From listening to the Republican and Democratic national conventions, one might surmise the economy is an issue in this election.
Well, if that’s the case, the makers of “Detropia,” a documentary being released Friday in Washington at the West End Cinema, have an elegiac case study to ponder.
The movie, which focuses on the travails of Detroit, comes complete with the kind of regular folks both political parties say they are fighting hard for: a retired teacher who runs a blues bar, a local union president, a waitress who has a video blog, scrap-metal hunters and even outgunned urban planners.
And they have plenty to say about the auto industry bailout, the manufacturing base in the United States, government’s role in providing social services, the entrepreneurial spirit and the decline of the middle class.
“The people we focused on were black middle class, who decided to stay for one reason or another … primarily because they love the city, a city that was the birthplace of the black middle class,” the film’s co-director, Rachel Grady, tells HOH.
Detroit’s woes are familiar to those with even a passing interest in the American 20th century. In 1930, it was the fastest-growing city in the world. By 1950, with American prosperity growing, and with it an appetite for cars, the population topped out around 1.8 million. In the intervening years, the auto industry collapsed, urban blight took over, and the Motor City’s population after the 2010 census had contracted to 713,000.
The filmmakers, Grady and Heidi Ewing, make the case that Detroit might be where the rest of the United States is heading.
“I think we’re seeing critical mass happening, and Detroit is the epicenter. … It’s about 20 years ahead of the curve, and hopefully people can learn from that, especially the disintegration of the middle class in this country,” Grady says.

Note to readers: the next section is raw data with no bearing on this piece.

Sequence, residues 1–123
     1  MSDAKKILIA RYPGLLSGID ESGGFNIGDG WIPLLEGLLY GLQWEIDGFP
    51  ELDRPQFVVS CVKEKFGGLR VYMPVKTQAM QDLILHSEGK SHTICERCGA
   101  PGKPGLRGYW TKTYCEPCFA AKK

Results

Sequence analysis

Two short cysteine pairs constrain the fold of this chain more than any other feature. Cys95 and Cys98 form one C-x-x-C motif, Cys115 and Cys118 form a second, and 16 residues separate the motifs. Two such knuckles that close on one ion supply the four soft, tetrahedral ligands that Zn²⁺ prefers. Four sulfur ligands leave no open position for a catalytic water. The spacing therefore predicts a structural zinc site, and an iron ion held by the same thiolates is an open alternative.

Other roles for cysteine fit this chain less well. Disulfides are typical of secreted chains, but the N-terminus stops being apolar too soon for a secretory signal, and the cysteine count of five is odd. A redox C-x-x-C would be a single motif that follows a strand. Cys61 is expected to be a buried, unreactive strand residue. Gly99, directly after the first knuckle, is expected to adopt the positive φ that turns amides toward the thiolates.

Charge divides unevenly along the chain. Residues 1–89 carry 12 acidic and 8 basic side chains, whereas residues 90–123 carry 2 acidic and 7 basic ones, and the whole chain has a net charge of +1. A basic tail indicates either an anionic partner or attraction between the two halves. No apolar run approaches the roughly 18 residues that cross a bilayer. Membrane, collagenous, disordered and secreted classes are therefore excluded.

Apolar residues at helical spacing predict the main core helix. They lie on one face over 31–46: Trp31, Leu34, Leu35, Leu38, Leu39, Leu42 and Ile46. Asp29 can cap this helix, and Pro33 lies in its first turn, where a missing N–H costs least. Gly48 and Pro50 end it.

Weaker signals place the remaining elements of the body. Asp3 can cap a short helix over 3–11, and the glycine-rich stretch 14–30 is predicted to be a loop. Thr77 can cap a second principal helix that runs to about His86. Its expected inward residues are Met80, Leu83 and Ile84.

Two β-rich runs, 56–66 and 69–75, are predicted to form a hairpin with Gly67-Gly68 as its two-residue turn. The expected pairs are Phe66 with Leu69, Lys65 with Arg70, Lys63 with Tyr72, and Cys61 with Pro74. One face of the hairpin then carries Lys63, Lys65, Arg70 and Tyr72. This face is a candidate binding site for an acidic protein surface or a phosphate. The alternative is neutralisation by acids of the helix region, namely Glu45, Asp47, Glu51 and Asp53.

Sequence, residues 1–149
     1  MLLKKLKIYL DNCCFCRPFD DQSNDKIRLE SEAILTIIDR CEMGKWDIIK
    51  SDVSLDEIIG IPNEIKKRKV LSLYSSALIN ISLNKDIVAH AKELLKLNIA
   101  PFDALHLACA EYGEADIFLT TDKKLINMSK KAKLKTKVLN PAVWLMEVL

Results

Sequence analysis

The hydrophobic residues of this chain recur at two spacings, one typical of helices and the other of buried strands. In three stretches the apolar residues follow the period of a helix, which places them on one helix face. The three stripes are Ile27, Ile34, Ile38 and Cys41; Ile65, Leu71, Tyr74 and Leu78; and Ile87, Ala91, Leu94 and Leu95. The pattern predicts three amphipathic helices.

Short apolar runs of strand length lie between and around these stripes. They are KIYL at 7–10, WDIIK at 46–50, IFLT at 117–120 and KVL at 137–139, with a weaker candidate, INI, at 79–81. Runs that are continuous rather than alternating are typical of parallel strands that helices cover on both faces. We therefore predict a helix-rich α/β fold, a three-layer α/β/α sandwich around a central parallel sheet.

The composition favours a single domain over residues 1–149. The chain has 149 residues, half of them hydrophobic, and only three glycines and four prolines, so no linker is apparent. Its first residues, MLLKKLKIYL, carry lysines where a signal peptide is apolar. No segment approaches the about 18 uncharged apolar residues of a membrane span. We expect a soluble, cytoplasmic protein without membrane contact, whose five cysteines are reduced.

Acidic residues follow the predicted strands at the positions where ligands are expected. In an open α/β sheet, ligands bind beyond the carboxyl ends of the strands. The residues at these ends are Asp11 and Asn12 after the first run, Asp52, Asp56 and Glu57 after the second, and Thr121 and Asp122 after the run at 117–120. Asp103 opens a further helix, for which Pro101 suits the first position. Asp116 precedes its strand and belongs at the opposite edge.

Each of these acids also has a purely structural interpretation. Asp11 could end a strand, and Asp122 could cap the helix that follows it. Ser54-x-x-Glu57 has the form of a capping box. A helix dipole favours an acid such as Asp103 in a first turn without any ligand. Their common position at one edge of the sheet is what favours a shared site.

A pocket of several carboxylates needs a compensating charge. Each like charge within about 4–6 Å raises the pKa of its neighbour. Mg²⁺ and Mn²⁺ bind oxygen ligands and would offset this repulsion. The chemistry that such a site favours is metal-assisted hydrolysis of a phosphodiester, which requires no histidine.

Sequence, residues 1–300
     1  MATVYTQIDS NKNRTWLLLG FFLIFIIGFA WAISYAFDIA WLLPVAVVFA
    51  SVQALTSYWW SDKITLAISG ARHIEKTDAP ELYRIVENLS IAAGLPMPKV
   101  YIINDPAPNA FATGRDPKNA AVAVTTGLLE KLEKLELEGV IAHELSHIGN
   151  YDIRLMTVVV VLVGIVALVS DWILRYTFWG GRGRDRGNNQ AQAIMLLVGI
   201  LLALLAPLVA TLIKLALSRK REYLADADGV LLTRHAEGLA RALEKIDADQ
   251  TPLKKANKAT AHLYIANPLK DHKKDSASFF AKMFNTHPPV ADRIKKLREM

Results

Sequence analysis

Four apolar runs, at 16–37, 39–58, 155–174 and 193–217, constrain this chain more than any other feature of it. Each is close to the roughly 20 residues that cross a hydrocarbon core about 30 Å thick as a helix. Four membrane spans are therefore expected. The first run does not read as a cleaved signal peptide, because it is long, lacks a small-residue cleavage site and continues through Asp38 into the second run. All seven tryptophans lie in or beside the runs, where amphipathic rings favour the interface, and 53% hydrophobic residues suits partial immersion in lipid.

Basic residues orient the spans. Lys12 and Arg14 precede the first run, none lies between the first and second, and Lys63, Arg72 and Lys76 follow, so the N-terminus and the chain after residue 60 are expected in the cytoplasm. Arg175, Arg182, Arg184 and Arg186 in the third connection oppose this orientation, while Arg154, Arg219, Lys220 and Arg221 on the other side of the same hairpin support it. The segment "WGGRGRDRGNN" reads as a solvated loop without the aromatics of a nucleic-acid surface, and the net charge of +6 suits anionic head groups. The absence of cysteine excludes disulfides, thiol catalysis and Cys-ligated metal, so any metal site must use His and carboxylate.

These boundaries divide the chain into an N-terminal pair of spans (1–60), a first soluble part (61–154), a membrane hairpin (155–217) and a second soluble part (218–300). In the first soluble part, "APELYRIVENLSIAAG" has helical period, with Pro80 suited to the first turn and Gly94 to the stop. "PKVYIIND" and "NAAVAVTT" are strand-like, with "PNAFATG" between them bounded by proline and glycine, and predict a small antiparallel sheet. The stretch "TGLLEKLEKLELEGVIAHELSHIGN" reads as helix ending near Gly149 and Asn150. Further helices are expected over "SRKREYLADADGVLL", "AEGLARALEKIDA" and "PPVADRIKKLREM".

Automakers last week announced strong sales numbers for August, providing Democrats who supported the auto industry bailout fodder against their GOP rivals who opposed it. Grady, though, said she still wonders about the overall economic model. “What is more relevant is, how many jobs has that translated into? … How is that going to help the man in the street?” she says.
With the rebound of the auto industry and some other signs of life in the city, the news isn’t uniformly bad. But the movie doesn’t present a case that things are definitely getting better or worse, allowing its subjects to ponder what an uncertain future might hold for them.
One shot in the movie lingers on an old auto parts shop, the signage of which has faded and some of which has been filled in with spray paint to read “UTO PIA.” Asked whether finding this shot helped with the film’s title, Grady says it did.
“Naming this film was extremely challenging. We were definitely inspired by that. It’s either derived from ‘dystopia’ or ‘utopia.’ It’s your choice. … We leave it up to the viewer to decide,” Grady says.